A few months to elections, Ethiopia’s parliament has passed a law punishing hate speech and misinformation with hefty fines and long jail terms. The bill was passed despite rights groups saying it undermines free speech months before a major election.
Nearly 300 legislators voted in favour of the bill on Thursday, with 23 votes against and two abstentions.
The new bill defines hate speech as rhetoric that fuels discrimination against individuals or groups based on their nationality, ethnic and religious affiliation, sex or disabilities.
The bill permits fines of up to 100,000 Ethiopian birr ($3,100) and imprisonment for up to five years for anyone who shares or creates social media posts that results in violence or disturbance of public order.
The law, however, says spreading hate speech does not include liking or tagging such content on social media.
Legislators say the law is important because existing legal provisions did not address hate speech and disinformation. They further explain that the bill will not affect citizens’ rights.
“Ethiopia has become a victim of disinformation,” legislator Abebe Godebo said. “The country is a land of diversity and this bill will help to balance those diversities.”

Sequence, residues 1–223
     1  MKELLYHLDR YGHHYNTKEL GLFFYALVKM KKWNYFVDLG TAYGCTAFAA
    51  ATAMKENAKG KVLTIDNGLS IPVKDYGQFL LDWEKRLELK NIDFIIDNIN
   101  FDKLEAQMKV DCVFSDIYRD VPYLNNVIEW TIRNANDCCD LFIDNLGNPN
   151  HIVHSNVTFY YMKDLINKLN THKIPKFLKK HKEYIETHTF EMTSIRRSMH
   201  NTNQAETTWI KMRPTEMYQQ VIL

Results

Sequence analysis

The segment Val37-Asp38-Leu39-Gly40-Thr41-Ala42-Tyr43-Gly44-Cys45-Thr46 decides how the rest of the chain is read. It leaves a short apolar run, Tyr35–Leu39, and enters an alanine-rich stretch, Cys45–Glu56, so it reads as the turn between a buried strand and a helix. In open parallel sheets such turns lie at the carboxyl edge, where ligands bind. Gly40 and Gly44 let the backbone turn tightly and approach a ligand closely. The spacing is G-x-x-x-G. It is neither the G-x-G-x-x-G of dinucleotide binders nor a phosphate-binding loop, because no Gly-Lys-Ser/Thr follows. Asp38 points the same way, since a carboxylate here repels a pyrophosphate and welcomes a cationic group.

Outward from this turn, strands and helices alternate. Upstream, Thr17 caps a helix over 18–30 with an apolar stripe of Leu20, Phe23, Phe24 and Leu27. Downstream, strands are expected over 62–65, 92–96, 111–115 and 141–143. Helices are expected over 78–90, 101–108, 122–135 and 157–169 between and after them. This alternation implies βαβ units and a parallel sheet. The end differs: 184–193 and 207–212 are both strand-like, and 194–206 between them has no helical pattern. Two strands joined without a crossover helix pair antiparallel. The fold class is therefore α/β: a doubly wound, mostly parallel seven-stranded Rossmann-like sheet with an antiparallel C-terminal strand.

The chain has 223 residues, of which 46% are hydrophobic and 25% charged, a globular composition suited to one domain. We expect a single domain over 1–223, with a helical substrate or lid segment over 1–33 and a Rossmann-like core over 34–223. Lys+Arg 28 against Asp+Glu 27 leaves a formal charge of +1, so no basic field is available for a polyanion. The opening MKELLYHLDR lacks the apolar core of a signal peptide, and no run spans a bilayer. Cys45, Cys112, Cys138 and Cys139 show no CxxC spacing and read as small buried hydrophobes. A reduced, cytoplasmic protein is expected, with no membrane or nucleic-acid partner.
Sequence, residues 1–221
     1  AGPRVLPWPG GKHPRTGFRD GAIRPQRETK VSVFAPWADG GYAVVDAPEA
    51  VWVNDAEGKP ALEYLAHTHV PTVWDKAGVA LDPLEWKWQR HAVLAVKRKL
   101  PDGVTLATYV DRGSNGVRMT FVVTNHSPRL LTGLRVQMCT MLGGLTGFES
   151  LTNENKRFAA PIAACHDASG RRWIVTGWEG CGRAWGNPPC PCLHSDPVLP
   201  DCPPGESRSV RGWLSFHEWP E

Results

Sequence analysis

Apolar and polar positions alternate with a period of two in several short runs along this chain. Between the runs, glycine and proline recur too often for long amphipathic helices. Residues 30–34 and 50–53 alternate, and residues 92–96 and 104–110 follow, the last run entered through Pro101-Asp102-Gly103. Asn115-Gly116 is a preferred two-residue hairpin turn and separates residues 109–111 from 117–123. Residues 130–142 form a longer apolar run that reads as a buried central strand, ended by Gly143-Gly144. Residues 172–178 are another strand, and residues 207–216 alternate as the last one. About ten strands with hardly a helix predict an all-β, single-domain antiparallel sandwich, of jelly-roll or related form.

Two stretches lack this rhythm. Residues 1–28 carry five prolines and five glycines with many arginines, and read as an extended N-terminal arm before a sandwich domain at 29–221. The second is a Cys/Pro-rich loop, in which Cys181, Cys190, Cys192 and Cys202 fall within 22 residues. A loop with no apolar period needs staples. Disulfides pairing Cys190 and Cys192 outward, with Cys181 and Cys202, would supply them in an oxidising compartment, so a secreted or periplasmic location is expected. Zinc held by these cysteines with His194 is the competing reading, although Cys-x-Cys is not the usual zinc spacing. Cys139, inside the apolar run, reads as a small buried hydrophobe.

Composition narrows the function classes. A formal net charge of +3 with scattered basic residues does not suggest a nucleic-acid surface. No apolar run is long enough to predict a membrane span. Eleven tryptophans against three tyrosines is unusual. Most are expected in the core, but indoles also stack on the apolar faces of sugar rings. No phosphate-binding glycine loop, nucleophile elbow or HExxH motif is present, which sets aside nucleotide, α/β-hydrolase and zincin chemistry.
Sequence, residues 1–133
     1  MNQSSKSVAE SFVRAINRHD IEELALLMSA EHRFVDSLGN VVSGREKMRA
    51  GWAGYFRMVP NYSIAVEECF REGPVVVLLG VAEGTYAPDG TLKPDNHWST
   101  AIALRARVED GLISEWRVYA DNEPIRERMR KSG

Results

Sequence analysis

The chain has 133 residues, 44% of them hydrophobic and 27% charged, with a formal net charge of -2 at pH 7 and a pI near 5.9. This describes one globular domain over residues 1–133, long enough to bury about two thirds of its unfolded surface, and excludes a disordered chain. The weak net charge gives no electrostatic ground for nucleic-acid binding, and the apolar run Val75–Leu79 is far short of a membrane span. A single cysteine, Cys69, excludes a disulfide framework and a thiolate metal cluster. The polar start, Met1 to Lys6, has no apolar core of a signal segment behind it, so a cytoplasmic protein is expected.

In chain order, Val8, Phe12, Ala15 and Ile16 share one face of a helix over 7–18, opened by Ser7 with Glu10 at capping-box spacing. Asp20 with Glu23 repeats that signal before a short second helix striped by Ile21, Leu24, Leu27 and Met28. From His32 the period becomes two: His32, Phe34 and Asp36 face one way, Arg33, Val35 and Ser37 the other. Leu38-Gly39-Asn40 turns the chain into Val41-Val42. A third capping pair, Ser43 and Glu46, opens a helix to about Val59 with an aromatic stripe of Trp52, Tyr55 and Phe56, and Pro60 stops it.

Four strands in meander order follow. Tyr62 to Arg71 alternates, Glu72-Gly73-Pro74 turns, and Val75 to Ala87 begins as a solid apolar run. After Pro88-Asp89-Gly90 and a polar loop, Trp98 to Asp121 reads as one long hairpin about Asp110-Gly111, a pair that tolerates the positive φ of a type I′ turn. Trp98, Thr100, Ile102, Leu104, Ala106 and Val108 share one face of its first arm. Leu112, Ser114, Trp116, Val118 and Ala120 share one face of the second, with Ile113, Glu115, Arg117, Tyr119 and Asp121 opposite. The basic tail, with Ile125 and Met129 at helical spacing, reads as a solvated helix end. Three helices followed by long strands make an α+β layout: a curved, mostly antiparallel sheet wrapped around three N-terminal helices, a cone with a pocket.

Several legislators who opposed the bill said it violates a constitutional guarantee of free speech.
The Need for the Hate Speech Bill
Ethiopia has been experiencing deadly ethnic violence since June 2018. The ethnic violence started shortly after Prime Minister Abiy Ahmed announced sweeping political reforms for which he later was awarded the Nobel Peace Prize.
Ahmed has been praised for reforms hoped to foster a more open political and media environment. But domestic critics accuse him of being authoritarian because he has locked up political opponents.
The government says there is a need to legislate against hate speech because it has been partly blamed for rising ethnic violence in the East African nation.
With the new bill, tensions will be at an all-time high in advance of landmark elections due in August. International rights groups say the law creates a legal means for the government to muzzle opponents.
Amnesty International’s Ethiopia researcher Fisseha Tekle said: “Politicians or activists or others will be forced to be cautious, afraid that their speech might fall into the definition of hate speech or can be considered as false information”.
In December 2019, Human Rights Watch (HRW) had warned the bill could drastically curtail freedom of expression in the country.